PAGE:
Judge Joun also represented the interests of working people. He successfully represented a class of employees after their employer failed to pay earned overtime wages in violation of the Fair Labor Standards Act.[7] Similarly, he successfully represented eight bus drivers suing their employer for non-payment of wages and illegal deductions from their earnings, ultimately settling the case with a very favorable settlement for the bus drivers.[8] In 2002, before the Massachusetts Commission Against Discrimination, Judge Joun successfully represented a woman who was discriminated against when a school hired an inexperienced male athletics coach despite her being a highly experienced coach.[9] The commission additionally ordered the city to require all town employees to complete a comprehensive training on gender-based discrimination.[10] Judge Joun has shown a dedication to public service and the protection of people’s rights throughout his career, and this experience will serve him well in this position.


Beyond the professional experience that Judge Joun would bring to the District of Massachusetts, he would also bring important lived experiences. There are more than 520,000 Asian American people living in Massachusetts,[11] yet, if confirmed, Judge Joun would be the first Asian American man to ever sit on this court.[12] Further, if confirmed, he would be the first Asian American man to sit on any court located in the First Circuit.[13] Public trust in the judiciary is bolstered when our courts reflect the rich diversity of our country.[14] Different lived experiences, especially from communities that have been excluded from serving on our courts, bring varied perspectives to our federal courts that are crucial to improving judicial decision-making.[15] The confirmation of Judge Joun would be an important step towards ensuring that our federal courts reflect and represent the diversity of our nation.


Judge Joun is an excellent choice for this position, and we strongly urge the Senate to confirm him to the U.S. District Court for the District of Massachusetts. If you would like to discuss this matter further, please contact Lena Zwarensteyn, senior director of the fair courts program, at (202) 466-3311. Thank you for your consideration.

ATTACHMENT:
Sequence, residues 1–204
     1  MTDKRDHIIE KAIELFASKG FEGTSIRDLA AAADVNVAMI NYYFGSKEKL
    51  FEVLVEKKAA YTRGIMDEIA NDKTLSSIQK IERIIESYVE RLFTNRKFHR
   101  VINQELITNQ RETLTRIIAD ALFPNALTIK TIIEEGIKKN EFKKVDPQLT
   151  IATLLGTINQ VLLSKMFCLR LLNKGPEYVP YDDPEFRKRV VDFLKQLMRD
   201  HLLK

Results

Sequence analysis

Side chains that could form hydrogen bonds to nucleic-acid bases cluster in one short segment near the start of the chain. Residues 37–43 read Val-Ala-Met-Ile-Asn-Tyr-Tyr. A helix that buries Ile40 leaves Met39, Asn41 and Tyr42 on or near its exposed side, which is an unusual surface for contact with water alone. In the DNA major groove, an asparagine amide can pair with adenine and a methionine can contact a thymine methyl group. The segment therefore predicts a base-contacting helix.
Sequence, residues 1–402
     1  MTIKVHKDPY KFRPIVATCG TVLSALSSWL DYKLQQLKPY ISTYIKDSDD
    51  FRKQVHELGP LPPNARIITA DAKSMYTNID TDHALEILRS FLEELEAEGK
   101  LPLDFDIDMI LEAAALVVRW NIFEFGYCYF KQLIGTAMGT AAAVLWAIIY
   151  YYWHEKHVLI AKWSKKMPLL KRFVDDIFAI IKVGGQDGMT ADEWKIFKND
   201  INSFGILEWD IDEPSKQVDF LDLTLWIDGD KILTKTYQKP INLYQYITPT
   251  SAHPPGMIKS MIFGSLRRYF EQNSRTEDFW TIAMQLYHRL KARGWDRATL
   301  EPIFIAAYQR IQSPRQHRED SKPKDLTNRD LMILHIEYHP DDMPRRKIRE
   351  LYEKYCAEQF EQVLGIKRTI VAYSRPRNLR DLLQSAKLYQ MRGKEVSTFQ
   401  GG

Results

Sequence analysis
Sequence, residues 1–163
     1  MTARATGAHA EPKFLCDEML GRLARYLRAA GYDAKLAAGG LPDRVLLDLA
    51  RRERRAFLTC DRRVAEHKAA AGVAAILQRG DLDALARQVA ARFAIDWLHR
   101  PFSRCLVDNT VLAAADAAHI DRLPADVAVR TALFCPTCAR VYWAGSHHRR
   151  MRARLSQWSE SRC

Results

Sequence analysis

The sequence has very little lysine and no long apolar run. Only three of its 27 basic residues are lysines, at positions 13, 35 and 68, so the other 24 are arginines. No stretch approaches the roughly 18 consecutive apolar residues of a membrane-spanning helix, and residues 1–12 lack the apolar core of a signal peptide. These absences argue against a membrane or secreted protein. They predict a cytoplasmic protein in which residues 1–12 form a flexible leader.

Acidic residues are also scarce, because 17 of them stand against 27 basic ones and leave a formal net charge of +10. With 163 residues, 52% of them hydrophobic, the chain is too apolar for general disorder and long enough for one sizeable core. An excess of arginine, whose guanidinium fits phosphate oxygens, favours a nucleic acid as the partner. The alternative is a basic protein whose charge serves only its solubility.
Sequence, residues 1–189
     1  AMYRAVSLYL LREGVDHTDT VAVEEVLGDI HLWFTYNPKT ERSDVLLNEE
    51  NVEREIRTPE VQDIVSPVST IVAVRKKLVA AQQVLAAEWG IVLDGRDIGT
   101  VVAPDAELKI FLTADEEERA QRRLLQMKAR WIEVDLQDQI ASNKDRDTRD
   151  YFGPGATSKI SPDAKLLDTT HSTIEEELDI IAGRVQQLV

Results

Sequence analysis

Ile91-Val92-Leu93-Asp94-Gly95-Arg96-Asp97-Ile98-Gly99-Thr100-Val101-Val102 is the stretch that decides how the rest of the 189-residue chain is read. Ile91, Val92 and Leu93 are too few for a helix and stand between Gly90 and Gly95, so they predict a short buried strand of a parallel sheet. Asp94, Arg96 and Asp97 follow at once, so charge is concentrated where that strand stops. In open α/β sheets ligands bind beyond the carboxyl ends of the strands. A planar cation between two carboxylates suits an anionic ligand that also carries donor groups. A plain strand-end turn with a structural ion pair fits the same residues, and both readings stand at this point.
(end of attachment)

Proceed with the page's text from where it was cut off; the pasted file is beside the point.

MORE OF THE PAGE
Maya Wiley

President & CEO


Jesselyn McCurdy

Executive Vice President of Government Affairs



[1] M​​ack v. Suffolk County, 191 F.R.D. 16 (D. Mass. 2000); Ford v. Suffolk County, 154 F. Supp. 2d 131 (D. Mass. 2001); No.: 98-12511-NG (D. Mass. 2005).

[2] Id.

[3] Brown v. Town of Dracut et al., No.: 10-10030-WGY (D. Mass. 2011); Chandler v. Town of Dracut et al., No.: 11- 10195-JLT (D. Mass. 2013).

[4] Id.

[5] Shedlock v. Dep’t of Corr., SUCV 1998-03631; 2003-P-371; SJC-09135 442 Mass. 844 (2004).

[6] Id.

[7] Lin et al. v. Chinatown Restaurant Corp, et al., No.: 09-11510-GAO, 771 F. Supp. 2d 185 (D. Mass. 2011).

[8] Chen et al. v. Double Sparkle Inc. (d/b/a Sunshine Travel), Sunrise Boulevard LLC (d/b/a Sunshine Travel), Morning Sun Bus Company Inc., Coach America LLC, New England Coach Express LLC, et al., No. 2009- 4224, (Suffolk Super. Ct. 2013).

[9] Poore v. Town of Harwich et al., MCAD No. 98-BEM-1091 (Nov. 12, 2004).

[10] Id.

[11] QuickFacts, U.S. Census Bureau (Accessed November 2022).

[12] See Biographical Directory of Article III Federal Judges, 1789-present, Federal Judicial Center (Accessed November 2022).

[13] Id.

[14] See Maya Sen, Diversity, Qualifications, and Ideology: How Female and Minority Judges Have Changed, or Not Changed, Over Time, Wis. L. Rev. 367 (2017).

[15] See Kate Berry, Building a Diverse Bench: Selecting Federal Magistrate and Bankruptcy Judges, Brennan Center for Justice at NYU School of Law and American Bar Association Judicial Division (2017).